Scrapping developer levies could drive up house prices, says Peter McVerry Trust

Francis Doherty takes over from Pat Doyle as CEO of the Peter McVerry Trust on June 1.
Scrapping developer levies could drive up house prices, says Peter McVerry Trust

By Gráinne Ní Aodha, PA

The incoming chief exectuive of a housing and homeless charity has said a plan to drop developer levies needs conditions to be attached to ensure the measure does not drive up prices.

The Cabinet is expected to consider plans on Tuesday morning to scrap developer levies temporarily in order to accelerate the number of houses being built.

The state is expected to cover the cost of the income gained from the levy, used by local authorities to fund public infrastructure and facilities.

Francis Doherty, who takes over from Pat Doyle as chief executive of the Peter McVerry Trust on June 1st, said if developer levies were dropped temporarily to encourage a boost in housing supply, conditions could be attached.

“I think there’s probably an argument to be made that there needs to be some sort of quid pro quo arrangement, where if a developer is availing of exemptions on levies, then a certain percentage of this scheme has to be affordable, or has to be at a lower price than otherwise planned if the levies were in place,” he told the PA news agency on Monday.


“What we don’t want to do is to make every sort of project that a developer has on their books viable because it just drives up the price of land … if people are overpaying on the price of land, that’s the crux of the issue – it’s not the development levies.

“These are just, in a way, small matters at the edge of the core problem.”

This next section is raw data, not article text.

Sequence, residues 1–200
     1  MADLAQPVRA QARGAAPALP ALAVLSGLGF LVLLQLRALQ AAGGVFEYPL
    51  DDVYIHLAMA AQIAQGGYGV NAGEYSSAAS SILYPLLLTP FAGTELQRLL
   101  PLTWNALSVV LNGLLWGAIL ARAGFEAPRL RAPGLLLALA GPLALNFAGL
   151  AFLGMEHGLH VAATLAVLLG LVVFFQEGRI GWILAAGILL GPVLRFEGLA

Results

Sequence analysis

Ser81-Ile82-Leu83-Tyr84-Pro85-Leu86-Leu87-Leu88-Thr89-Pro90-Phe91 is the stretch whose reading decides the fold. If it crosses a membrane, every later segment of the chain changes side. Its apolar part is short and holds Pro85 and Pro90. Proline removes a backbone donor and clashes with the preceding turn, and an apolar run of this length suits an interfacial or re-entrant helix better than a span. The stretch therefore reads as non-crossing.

Despite that, he said “huge progress” in housing policy has been made in the last couple of years, particularly in the increase in social housing delivery by approved housing bodies.

“I think we’re definitely going in the right direction, I think we just need to be careful that we don’t make too many interventions for the sake of the private markets, which actually has a negative consequence for the overall system.

“We don’t want to overheat it, we don’t want to drive up prices.”

He added: “It’s probably quite obvious for the last number of years that the private market is really providing for a smaller and smaller segment of the population. We can’t be too fixated on what their needs are and what their demands are.

“I think, realistically, we’re probably getting to a point where it’s local authorities and approved housing bodies that will be the largest suppliers of the social and affordable housing – or agencies like the Land Development Agency.

“So, we’re going to get to a point, perhaps, where the state and the agencies it’s funding in the social space are going to be delivering more homes per year than the private sector – and, probably not a bad thing, because at least we know we’re doing for the right reason.”

Mr Doherty has worked at the Peter McVerry Trust for 12 years, focusing on housing developments in more recent years.

Before that, he worked at a global union federation that represented workers in the garment industry and spent three years working in the European Parliament in Brussels.